The Concorde is to date the world's only supersonic passenger plane, travelling at speeds that whisked an elite class of travellers between London or Paris and the US east coast in just over three hours.
Designed and built jointly by France and Britain in the 1960s - before the latter country joined the European Union - it made its first commercial flight in January 1976. It was definitively retired in October 2003, three years after a devastating crash that killed 113 people.
The sleek, delta-winged aircraft could carry between 100 and 144 passengers: a tiny capacity compared to today's jumbo-jets that carry more than 500. A distinctive feature was its long pointed nose, which drooped downwards during take-off, landing and taxiing to give the pilots better visibility.
Concorde could fly at over twice the speed of sound - or Mach 2, in aviation parlance. Its cruising speed was 2200 kilometres an hour.
In the 1950s Britain and France had each separately planned a supersonic passenger plane. When it emerged that their plans were similar however - and that the craft would be exorbitantly expensive - they decided to pool their resources.
Concorde's early years were bedevilled not only by controversy over elitism and cost - it was never to make a profit - but also by the 'sonic boom' generated when it burst through the sound barrier.
That led several countries to ban it from their airspace, so its main market became the trans-Atlantic flights, as well as charter excursions for people who wanted to taste the Concorde experience.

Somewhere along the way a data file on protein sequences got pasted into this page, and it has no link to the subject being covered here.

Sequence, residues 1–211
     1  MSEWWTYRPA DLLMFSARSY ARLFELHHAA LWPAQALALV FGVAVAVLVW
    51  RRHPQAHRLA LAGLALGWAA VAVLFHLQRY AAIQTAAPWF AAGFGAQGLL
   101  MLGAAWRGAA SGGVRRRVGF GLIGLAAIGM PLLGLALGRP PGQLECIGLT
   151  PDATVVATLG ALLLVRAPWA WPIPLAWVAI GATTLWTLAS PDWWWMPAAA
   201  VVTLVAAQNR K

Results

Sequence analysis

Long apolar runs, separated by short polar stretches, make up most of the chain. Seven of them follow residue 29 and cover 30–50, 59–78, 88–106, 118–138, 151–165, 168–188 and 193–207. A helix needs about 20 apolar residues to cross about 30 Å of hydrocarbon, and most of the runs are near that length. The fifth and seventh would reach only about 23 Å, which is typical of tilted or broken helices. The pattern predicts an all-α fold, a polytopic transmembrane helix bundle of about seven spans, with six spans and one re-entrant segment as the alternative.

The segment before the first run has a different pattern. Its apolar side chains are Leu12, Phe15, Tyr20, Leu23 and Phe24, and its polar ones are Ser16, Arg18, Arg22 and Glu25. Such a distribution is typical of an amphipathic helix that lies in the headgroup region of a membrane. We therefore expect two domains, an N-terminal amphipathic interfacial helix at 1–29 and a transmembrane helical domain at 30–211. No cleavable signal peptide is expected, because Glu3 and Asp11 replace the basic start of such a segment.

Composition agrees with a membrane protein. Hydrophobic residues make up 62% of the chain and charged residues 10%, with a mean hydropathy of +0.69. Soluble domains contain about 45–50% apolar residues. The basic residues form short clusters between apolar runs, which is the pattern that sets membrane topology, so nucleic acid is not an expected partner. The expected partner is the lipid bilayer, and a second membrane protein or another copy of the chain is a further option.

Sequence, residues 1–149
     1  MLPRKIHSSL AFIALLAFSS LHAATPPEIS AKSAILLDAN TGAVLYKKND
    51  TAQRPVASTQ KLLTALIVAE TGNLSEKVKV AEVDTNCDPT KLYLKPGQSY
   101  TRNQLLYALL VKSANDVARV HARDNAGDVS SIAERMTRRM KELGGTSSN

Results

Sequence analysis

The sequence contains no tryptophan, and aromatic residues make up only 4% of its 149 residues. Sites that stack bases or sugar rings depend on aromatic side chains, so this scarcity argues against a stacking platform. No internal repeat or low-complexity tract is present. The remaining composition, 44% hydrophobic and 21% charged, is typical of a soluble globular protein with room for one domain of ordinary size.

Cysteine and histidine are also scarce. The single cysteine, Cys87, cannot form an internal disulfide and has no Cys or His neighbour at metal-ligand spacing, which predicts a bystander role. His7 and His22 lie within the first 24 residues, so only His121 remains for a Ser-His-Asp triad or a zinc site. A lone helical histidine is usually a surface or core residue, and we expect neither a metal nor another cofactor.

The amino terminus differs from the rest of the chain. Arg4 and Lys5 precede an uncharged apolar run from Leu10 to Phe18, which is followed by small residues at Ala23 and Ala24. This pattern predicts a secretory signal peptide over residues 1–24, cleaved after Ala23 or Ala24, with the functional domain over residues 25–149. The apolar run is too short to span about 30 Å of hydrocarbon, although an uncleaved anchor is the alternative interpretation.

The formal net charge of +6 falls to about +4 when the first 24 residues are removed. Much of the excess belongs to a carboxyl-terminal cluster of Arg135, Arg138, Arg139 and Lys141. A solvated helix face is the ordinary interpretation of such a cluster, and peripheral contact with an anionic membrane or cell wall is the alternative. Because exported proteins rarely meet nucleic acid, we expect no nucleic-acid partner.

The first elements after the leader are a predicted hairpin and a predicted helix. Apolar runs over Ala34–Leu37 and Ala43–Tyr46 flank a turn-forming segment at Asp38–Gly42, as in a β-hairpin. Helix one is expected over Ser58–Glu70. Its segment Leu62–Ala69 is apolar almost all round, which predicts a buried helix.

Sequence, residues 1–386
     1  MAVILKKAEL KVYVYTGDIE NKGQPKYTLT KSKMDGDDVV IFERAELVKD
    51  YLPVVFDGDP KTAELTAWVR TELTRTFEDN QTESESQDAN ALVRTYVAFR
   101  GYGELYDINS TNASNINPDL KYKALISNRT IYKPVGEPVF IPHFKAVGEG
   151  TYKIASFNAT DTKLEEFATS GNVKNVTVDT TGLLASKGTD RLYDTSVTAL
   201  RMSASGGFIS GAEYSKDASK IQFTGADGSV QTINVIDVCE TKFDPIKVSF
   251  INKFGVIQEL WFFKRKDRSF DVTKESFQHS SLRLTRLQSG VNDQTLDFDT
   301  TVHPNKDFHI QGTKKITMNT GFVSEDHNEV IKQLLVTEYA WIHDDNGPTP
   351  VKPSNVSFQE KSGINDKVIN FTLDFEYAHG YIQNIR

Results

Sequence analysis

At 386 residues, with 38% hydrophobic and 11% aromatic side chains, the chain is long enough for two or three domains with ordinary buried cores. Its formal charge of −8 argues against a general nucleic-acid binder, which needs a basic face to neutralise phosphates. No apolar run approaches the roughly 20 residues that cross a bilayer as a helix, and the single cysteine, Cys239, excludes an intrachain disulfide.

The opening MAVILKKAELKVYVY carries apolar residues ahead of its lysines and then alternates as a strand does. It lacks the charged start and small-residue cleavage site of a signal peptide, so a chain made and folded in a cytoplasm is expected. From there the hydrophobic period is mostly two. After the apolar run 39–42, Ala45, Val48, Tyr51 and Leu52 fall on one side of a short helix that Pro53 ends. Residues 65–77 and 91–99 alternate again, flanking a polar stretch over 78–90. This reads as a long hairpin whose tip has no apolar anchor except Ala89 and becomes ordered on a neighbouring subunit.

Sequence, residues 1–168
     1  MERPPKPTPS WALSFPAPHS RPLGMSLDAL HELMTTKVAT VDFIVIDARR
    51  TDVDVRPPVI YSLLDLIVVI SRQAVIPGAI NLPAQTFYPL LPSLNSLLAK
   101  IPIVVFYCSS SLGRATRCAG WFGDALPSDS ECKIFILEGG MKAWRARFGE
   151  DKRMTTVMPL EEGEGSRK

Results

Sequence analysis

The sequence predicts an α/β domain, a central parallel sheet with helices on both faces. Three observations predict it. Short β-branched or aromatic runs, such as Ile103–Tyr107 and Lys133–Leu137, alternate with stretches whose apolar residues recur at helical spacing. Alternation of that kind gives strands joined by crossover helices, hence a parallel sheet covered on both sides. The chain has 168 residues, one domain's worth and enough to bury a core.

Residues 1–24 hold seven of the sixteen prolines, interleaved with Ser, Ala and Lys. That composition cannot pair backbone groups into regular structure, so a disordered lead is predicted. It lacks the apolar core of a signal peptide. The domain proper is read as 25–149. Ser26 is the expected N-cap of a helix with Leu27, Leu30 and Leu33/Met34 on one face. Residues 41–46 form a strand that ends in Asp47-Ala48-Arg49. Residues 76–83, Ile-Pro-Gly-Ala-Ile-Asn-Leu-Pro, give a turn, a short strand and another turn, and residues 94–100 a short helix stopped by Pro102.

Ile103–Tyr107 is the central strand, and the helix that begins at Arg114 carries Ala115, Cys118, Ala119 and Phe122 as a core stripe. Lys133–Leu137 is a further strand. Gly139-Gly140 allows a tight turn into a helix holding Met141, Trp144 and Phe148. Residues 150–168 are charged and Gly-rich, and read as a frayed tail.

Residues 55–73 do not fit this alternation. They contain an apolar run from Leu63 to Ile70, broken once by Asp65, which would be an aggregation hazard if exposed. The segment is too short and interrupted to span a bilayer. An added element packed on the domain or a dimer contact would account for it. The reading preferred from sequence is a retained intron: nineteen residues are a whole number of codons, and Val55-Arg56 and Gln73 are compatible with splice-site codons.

As the aircraft was never sold to a third country, its only operators were Air France and British Airways. Most of the time they operated a maximum of seven planes each.
On July 25, 2000, an Air France flight headed for New York, carrying mainly German tourists on their way to a cruise, crashed on take-off from Charles de Gaulle Airport near Paris. All 109 people aboard died, as well as four people on the ground.
The accident, the only crash recorded by the Concorde in its 22 years of operation, was caused by shard of metal on the runway which burst a tyre, causing fragments to be sucked into one of the plane's engines.
After the accident, both countries suspended Concorde flights for a year as they tried to find out how to prevent such accidents being repeated. But things were never to be the same again.
After the September, 2001 attacks on New York caused a major crisis in the air transport industry, the Concorde's days were numbered.
Air France flew its final commercial flight in May 2003, and British Airways followed suit in October of the same year.
Today the Concorde, looking tiny next to most of its modern cousins, survives only as a museum exhibit.